How to Coach Through a Stressful Situation
Imagine yourself in a basketball game with a couple of minutes remaining in the fourth quarter. You’re at the sidelines with your team as the huddle breaks. They jog back into the court after the timeout has expired. The crowd rises to their feet, their cheers drowning out your last instructions to your players.
You then take a moment to see them from the other end of the court. Their bodies are drenched in sweat, their breaths becoming faster and deeper. Your point guard brings the ball across the court. Halfway through, the opposing squad’s best defender sizes him up. He forces your ball handler to dribble in different directions, staying with him no matter what.
Your point guard loses control of the ball and turns it over with less than a minute left in the game. The opposing team is in the lead by two points. Worse, your team’s point guard slams the ball to the ground in frustration, catching the ire of a nearby referee.
A whistle blows and a technical foul is called. You call your last timeout. The scene you saw from afar is right in front of you. Your players are exhausted and frustrated. They’re near the point of giving the game up. These players then direct their tired gaze towards your direction, waiting for you to provide instructions.
As their coach, it is your responsibility to steer the ship through the storm. These people are relying on you to get them through this problematic late-game situation. Rather than buckle down from the immense pressure placed on your shoulders, this is your opportunity to lead your team out of this mess. Here are some tips that can help you through this ordeal.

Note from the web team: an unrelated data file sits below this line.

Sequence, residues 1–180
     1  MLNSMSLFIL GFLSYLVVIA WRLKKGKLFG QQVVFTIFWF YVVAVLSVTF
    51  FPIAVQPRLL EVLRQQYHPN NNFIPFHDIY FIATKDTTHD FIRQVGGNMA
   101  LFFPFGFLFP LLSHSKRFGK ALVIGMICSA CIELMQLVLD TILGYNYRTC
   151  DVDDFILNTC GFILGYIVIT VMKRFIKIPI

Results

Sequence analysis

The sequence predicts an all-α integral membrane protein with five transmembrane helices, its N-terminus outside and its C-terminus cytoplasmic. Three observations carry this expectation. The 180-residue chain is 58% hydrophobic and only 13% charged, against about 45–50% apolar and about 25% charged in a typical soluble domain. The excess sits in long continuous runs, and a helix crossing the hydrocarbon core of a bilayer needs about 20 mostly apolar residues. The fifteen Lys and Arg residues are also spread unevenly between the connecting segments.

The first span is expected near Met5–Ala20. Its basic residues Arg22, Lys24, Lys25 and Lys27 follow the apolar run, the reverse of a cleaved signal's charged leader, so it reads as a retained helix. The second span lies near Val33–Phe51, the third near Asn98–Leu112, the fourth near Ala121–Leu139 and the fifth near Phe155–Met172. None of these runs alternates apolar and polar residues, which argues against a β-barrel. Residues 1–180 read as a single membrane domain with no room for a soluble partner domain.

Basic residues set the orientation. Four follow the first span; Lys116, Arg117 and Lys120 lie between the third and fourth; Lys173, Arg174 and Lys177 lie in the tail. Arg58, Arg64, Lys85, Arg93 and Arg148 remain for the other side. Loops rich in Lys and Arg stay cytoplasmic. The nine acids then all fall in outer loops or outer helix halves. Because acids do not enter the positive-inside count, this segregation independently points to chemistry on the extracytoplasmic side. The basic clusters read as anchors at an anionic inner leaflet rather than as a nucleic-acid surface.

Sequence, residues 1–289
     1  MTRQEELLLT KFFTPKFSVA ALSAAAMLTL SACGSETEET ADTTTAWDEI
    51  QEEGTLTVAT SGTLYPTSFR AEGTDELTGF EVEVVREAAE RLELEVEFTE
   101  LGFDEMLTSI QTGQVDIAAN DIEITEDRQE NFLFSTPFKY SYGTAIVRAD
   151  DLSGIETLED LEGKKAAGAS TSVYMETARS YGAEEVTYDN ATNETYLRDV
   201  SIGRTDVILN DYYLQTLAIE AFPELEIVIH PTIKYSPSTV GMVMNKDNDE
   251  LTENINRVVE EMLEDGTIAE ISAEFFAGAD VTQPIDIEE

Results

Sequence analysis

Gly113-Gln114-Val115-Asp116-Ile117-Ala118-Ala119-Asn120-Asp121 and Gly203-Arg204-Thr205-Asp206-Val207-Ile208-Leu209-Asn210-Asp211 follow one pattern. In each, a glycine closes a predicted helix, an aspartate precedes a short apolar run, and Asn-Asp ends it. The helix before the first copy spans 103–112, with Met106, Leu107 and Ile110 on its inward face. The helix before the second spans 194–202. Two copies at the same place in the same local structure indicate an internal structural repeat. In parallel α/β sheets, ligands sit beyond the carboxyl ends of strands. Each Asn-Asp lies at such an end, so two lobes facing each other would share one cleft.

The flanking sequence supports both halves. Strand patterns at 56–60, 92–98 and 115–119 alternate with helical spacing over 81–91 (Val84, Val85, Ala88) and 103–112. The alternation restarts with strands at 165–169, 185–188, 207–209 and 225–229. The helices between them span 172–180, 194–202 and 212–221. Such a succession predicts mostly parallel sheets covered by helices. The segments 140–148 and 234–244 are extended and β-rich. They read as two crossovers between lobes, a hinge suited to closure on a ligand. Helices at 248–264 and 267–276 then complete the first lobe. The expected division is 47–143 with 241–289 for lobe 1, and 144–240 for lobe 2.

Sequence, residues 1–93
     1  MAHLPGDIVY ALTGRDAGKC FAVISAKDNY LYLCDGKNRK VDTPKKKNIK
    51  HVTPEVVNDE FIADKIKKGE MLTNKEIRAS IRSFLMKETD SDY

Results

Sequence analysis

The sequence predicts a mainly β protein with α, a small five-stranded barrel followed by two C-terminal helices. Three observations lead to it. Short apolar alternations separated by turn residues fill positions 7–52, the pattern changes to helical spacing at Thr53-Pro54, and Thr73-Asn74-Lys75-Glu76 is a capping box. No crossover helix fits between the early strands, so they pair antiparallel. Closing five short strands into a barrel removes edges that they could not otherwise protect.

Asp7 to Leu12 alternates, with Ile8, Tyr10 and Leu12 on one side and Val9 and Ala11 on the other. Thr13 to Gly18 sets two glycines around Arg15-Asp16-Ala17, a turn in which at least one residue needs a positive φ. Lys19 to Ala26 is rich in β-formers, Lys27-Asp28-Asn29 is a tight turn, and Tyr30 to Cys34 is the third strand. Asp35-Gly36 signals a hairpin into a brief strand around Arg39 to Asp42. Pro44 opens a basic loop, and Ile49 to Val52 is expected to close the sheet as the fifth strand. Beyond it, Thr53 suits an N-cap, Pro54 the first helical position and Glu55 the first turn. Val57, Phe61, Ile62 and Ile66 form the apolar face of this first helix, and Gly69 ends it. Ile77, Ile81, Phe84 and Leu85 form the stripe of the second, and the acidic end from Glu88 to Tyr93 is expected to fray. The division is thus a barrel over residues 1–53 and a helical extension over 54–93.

Model the Composure You Want from Them
During the huddle, you notice everyone is emotional, restless, and anxious. This is your opportunity to calm your team down by being calm yourself. Ask them to take a couple of deep breaths, if possible with their eyes closed if that’s familiar to them from practice. In doing so, they can gather themselves from what happened moments ago, and put the past moment in its proper place. If done successfully, your guys will be in a proper state to listen to your instructions and process them the right way.
Tell Them What To Do Instead of What Not To Do
Once everyone has calmed down, it’s now time to set things right.
Saying things like “Don’t turn the ball over” aren’t helpful to players. Saying specific instructions like “Everyone come and meet the ball on all passes!” can prime up things you’ve practiced and can help them execute them in this stressful moment.
Set a Clear Plan of Action
After settling your team and keeping them accountable, it’s now time to come together for that final push towards victory. Be firm and clear as you explain your plan for the final moments of this game. You need to spell out the responsibilities of each player and how they should work together. Lastly, it’s important that your players know you trust them during this pressure-filled situation. When the players know you trust them, they’ll be more confident and will go above and beyond for you.
If done correctly, you and your team will have no regrets in the end. Whether you get the win or not, you’ll walk away with the fact that you’ve coached your players well during a problematic situation.